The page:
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Compound in Green Tea Identified as Beneficial to People with Down Syndrome

John Burger - published on 06/08/16

Lancet journal reports that EGCG can improve cognitive ability

Epigallocatechin gallate.

Tough one to remember, right?

Think green tea instead.

A study in the Lancet shows that the chemical with that long name, found in green tea, improves cognitive ability in people with Down syndrome.

“In a year-long clinical trial, the treatment led to improved scores on memory and behavior tests, [researchers] reported in a study published in the The Lancet Neurology,” The Telegraph reported Tuesday.

Brain scans revealed that the compound altered the way neurons in the brain connect with one another, and the effect lasted six months after the study ended.

“Exciting day for the ‪#‎Downsyndrome‬ community,” said the Jerome Lejeune Foundation on its Facebook page. “The publication of data on research funded by the Jerome Lejeune Foundation on the use of [Epigallocatechin gallate] to improve cognition in those living with Down syndrome has been published in Lancet Neurology. Congratulations to our friends Drs. Rafael de la Torre and Mara Dierssen for this publication and their outstanding work.”

The foundation is named for the French geneticist Jerome Lejeune, the first to establish a link between an intellectual disability and its genetic cause. He discovered in 1958 the existence of an additional chromosome on the 21st pair of chromosomes. He renamed the condition trisomy 21.

Lejeune, who died in 1994, was the first president of the Vatican’s Pontifical Academy for Life.

“This is the first time that a treatment has shown efficacy in the cognitive improvement of persons with this syndrome,” Dierssen, researcher at the Centre for Genomic Regulation in Barcelona, told the Telegraph.

While significant, she added in a statement, the results should not be interpreted as a “cure.”

“But it may be a tool to improve these individuals’ quality of life.”

Down syndrome affects approximately one in 1,000 people, according to the World Health Organization, but some fear that number may be dropping because better and better prenatal diagnostic tests are thought to encourage more abortions. Some women, of course, resist suggestions to abort—and come to discover great joy in rearing a child with Down. Such was the case with Courtney Baker, a Sanford, Fla., mother whose physician prenatally diagnosed her daughter, Emersyn Faith, with Down syndrome.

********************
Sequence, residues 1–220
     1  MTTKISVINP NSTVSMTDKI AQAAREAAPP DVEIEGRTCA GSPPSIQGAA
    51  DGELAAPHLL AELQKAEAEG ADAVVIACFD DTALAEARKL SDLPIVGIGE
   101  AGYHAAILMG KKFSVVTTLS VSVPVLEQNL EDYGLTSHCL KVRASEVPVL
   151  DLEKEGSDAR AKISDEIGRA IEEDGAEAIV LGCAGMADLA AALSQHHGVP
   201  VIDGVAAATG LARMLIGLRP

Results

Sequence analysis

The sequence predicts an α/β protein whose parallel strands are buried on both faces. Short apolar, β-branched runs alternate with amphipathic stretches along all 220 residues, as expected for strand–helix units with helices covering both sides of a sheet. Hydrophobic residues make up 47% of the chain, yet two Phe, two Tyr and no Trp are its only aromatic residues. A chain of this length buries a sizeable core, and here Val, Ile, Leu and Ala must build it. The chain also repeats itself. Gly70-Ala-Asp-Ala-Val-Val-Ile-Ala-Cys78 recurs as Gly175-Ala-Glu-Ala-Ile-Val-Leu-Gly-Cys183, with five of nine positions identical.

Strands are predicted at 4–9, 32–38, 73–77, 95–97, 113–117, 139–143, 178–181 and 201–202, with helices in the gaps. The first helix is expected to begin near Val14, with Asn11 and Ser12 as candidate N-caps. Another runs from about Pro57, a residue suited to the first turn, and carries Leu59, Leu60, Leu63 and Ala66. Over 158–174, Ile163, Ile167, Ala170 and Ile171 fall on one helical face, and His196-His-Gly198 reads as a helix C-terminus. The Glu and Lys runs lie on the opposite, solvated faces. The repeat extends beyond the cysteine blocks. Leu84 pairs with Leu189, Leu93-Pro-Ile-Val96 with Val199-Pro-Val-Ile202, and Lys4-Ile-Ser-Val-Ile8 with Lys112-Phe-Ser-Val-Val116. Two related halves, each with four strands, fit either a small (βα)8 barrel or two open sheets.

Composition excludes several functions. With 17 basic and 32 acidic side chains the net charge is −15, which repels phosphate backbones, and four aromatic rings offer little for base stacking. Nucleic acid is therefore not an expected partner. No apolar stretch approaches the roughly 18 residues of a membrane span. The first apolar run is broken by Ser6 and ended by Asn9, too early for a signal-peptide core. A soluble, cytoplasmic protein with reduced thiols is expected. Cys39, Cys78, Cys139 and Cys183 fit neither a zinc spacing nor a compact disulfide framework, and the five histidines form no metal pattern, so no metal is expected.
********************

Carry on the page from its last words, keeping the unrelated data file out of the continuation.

The doctor, Baker told ABC News, suggested she terminate her pregnancy. Even after she refused, she said she continued to feel pressured.

“I’m sad the tiny beating hearts you see every day don’t fill you with a perpetual awe. I’m sad the intricate details and the miracle of those sweet little fingers and toes, lungs and eyes and ears don’t always give you pause,” Baker said in a letter to the doctor. “I’m sad you were so very wrong to say a baby with Down syndrome would decrease our quality of life. And I’m heartbroken you might have said that to a mommy even today. But I’m mostly sad you’ll never have the privilege of knowing my daughter, Emersyn.”

Because, you see, Emersyn has not only added to our quality of life, she’s touched the hearts of thousands. She’s given us a purpose and a joy that is impossible to express. She’s given us bigger smiles, more laughter and sweeter kisses than we’ve ever known. She’s opened our eyes to true beauty and pure love.

“I hope he sees Emmy, I hope he sees my words on paper,” Baker told ABC News. “Emmy is proof that children with special needs are worthy and can change the world. She’s doing it right now.”

Down Syndrome
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